I am squirming, back-to-work-Monday, the first of the year smirking around the corner. Let’s face it, even teachers who love teaching have to oil their gears after three weeks of fa la la.
So I find myself clicking through my past philosophical musings trying to remind myself why, exactly, I chose this profession until I stumble on an apropos reminder, “The comfort of routine, once established, will set roots deep into soil, establishing a framework for the tree to grow strong. When a routine rhythm is established from an early age, the student will value the work of exploring…” That’s the one!
To value the work of exploring, now there’s a worthy goal.
Math is a subject where consistency is a must. Fine-tuning a math routine is fingernails on chalkboard, a nearly archaic metaphor to be sure. Seeing as chalkboards have gone the way of record players, here’s an opportunity for a few seconds of Youtube diversion:
Okay, back to math. Math is a keystone subject that presents bumpy stretches of road along the way. Challenging our students to do their math consistently will give them the ability to be successful.
But what else can be acquired on the journey?
I learned a long time ago that, like all subjects to be tackled, a systematic approach to math will not only enable students to strengthen their math skills but will allow them to experience the discipline of working through a process to accomplish a task, and this, this, my friends is more valuable than the actual subject being tackled. "Process" after all, is the key to writing, literary analysis, visual art, music, and historical research. The list goes on and on and on.
What do I want to see in the classroom this year?
Students totally immersed in their learning, students discovering their individual efficacy.
And so I nod to myself, yes, that’s why I venture into unfamiliar territory, that’s why I take a whole-brain approach to solving problems, yes, whole-brain even when it comes to math problems.
Numbers and number relations, fractions, patterns and functions, data analysis, probability, algebra, no matter the strand, my goal is to help my students to move from simply completing a math lesson or math exam with exceptional accuracy to something much more.
Each of my students are plugged into a traditional math textbook and set on an individualized journey. I currently utilize Teaching Textbooks or Saxon depending on the individual needs of the student because of the exceptional didactic element that, if utilized over time, provides a potential for students to own their study of math. Beyond that, I am bent on incorporating concrete instructional materials that allow my students to delve into an exploration of critical and creative thinking. Students who engage in concrete learning are better able to apply what they’ve learned in real life situations. Fact of the matter is that students who use concrete materials develop more precise and more comprehensive mental representations—especially math students. Often times that these students are more motivated because experience with concrete materials have enabled them to develop longer attention spans. The benefits are endless.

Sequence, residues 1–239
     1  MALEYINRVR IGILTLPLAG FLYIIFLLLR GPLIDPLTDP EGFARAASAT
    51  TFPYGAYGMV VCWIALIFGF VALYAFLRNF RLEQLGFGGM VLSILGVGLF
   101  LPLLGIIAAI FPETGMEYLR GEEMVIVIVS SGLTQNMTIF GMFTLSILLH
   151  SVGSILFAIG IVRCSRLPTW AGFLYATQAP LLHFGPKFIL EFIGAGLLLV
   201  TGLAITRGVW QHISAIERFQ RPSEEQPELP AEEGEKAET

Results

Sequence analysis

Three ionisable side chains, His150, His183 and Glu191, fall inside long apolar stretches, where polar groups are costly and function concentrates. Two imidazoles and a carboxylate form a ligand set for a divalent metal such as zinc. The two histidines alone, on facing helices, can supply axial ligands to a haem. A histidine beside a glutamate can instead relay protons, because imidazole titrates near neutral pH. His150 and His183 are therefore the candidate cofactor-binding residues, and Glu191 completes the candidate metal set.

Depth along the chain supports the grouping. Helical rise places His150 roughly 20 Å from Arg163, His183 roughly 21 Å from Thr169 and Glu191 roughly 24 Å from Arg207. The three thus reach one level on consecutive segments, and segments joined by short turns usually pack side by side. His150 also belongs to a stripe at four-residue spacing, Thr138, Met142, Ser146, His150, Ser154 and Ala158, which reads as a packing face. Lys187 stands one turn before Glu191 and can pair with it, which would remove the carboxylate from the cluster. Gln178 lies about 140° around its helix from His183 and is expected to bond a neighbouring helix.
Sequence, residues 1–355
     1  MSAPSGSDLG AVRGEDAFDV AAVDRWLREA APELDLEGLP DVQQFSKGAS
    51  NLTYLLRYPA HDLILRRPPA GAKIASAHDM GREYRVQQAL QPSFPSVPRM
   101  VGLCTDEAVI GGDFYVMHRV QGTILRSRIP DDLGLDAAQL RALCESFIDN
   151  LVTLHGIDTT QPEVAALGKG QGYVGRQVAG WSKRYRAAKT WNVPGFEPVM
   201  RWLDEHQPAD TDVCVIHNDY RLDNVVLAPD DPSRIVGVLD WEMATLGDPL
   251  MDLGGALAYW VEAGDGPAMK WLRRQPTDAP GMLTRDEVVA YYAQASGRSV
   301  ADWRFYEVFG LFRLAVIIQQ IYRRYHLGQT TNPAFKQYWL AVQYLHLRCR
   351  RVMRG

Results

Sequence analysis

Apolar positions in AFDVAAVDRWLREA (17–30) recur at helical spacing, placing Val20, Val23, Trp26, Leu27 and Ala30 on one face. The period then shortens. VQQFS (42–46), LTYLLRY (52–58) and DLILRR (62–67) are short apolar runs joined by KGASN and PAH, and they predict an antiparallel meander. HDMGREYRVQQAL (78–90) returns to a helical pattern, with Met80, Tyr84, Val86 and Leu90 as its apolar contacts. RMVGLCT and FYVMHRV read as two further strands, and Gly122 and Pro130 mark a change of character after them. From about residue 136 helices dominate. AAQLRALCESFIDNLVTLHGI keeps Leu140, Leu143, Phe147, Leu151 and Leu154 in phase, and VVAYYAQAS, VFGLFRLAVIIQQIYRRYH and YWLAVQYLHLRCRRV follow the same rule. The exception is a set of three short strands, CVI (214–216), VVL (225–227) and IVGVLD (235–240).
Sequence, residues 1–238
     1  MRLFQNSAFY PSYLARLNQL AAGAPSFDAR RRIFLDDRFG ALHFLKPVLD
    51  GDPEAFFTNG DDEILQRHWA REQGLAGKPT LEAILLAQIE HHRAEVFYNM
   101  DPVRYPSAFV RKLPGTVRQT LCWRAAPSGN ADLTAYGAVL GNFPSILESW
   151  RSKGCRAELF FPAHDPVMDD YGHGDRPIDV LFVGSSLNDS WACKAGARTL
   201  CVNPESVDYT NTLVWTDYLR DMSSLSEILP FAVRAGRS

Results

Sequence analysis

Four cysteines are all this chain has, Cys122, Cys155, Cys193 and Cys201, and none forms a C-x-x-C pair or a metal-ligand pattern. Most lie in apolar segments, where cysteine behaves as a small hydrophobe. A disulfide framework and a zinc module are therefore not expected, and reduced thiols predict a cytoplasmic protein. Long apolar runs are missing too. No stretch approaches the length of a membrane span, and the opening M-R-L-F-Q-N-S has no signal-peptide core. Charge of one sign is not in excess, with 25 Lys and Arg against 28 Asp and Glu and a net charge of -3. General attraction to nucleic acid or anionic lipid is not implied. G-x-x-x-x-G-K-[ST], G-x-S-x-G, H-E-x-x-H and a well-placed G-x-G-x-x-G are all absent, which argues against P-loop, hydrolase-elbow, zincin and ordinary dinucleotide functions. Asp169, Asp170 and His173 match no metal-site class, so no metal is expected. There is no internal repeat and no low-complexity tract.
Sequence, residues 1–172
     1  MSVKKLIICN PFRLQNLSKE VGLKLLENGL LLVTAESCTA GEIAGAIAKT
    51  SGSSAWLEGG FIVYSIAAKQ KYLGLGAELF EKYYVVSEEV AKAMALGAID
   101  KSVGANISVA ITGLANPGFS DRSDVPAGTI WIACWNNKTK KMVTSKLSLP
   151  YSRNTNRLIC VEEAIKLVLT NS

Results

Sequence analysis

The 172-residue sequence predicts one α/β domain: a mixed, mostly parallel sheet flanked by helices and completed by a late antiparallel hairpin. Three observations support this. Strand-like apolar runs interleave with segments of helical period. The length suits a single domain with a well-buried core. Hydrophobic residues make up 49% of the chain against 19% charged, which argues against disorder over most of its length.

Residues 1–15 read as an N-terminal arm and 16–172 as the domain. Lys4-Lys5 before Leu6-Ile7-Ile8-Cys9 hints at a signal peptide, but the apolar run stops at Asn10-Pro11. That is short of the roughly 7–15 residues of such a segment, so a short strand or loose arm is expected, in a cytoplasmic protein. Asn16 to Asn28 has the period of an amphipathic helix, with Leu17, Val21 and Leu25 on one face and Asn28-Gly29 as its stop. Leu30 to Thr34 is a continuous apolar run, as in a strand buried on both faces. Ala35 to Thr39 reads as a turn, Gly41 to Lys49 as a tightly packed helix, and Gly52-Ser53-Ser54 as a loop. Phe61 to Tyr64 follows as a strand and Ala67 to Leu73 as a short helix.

Learning that moves through stages is learning that sticks. Students should begin in the Concrete or “doing” stage of learning because it enables new ideas to connect with familiar ideas. Building conceptual understanding of this nature supports retention, prevents common errors, and allows students to make larger critical and creative connections. From here students will move with ease to the Representational or “seeing” stage of learning, transforming the concrete into visual representations or pictograms. Moving through these first two stages often eliminates “holes” in mathematical understanding and allows students to confidently reach into the Abstract or “symbolic” stage of learning. Once arrived, the capacity for logic, for reflection, has blossomed to the point that the student begins to believe in the diligence that makes them hungry for more.
I have been striving for years to perfect my vision of a “Math Lab” upon which to found the math textbook. Funny, this year the goal is creeping to the top of my list.
Passionate learning, of course!
Here’s to more of that in 2011.